If you are wondering what that Last infected file was, I used a test virus file, EICAR.COM, that is readily available over the Internet and can be used to test if the antivirus is in fact scanning and detecting infected files.

While you could use clamav from both command line as well as using the ClamTK gui, most modern graphical Linux distributions also allow you to add a menu entry on the right click context menu to scan a file or a folder using ClamAV. Here is a screen shot from my laptop which runs Kubuntu 11.10 showing the context menu entry.

While no antivirus software will make your computer 100% safe and secure, they will certainly help. ClamAV is the antivirus of choice by most Linux server administrators and computer users. At the end of the day however it boils down to how responsible and cautious you yourself are. I hope you found this article helpful.

This article is part of the series ClamAV - Antivirus for Linux:
ClamAV - Antivirus for Linux
ClamFS - Antivirus Filesystem for Linux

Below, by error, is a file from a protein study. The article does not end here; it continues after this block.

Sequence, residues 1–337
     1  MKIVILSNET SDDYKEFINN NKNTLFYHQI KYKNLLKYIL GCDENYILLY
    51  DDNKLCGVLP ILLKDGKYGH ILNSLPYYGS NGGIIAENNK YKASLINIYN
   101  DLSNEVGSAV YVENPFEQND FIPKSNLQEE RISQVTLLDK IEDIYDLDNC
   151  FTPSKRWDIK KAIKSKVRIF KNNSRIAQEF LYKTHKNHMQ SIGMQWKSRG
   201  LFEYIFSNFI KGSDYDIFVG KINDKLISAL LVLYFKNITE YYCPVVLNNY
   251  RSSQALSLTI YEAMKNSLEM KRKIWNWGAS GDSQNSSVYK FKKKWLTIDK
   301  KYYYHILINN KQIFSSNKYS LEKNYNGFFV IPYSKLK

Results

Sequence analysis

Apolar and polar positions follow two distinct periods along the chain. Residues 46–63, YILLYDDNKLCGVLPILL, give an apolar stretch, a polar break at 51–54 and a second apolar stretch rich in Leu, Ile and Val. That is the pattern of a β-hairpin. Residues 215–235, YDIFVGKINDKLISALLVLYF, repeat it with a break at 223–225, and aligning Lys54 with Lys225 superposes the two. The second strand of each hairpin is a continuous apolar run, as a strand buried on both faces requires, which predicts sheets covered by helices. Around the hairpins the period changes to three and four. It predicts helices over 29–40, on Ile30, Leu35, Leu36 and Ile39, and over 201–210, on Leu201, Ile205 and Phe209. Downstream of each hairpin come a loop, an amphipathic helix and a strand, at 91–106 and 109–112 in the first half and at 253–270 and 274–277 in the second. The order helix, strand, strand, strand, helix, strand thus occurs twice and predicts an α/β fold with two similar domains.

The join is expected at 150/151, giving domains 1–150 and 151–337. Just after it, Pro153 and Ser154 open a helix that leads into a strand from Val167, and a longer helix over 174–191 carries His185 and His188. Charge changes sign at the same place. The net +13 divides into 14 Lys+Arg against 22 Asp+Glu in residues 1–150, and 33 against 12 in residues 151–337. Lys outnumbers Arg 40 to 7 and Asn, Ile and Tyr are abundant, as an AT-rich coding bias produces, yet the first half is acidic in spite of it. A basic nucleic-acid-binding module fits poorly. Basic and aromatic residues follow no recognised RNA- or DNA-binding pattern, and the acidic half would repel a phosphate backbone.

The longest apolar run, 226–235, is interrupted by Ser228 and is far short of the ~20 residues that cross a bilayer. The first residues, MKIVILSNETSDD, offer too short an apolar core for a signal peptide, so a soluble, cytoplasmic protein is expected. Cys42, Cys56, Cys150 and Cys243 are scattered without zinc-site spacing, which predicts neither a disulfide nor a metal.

You may also like:
Filesystem Encryption under Linux - EncFS

Monday, December 12, 2011

FreeSWITCH Implementation ideas

Disclaimer: Flying through Linux and OpenSource. You might experience Freedom along with plenty of awesomeness.
So you have a SIP Server/PBX setup with FreeSWITCH. What all can you do with it?

Use it in your Small Office/Home Office:

  1. Use it for interoffice voice communication.
  2. Use it for internal voice communications between satellite office locations.
  3. Setup call routing for all incoming calls based on the time of day and availability of personnel.
  4. Create an IVR menu for your customers/clients to assist with call routing and to provide valuable information over the phone, such as hours of operation, directions, etc.
  5. Create an IVR menu for your customers/clients to assist them with account inquiry - some coding needed to interface with your backend datastores.
  6. Auto-announce important messages or season's greetings to the caller before routing calls.
  7. Setup automated calls to your customers/clients reminding them about useful information or deadlines.
Use it in your Home:
  1. Use it as a Skype replacement for your immediate and extended families.
  2. Route incoming calls intelligently directly to the intended recipient's SIP phone device.
  3. Make outbound calls from any computer or SIP/soft phone on your network.
  4. Block unsolicited incoming calls from telemarketers.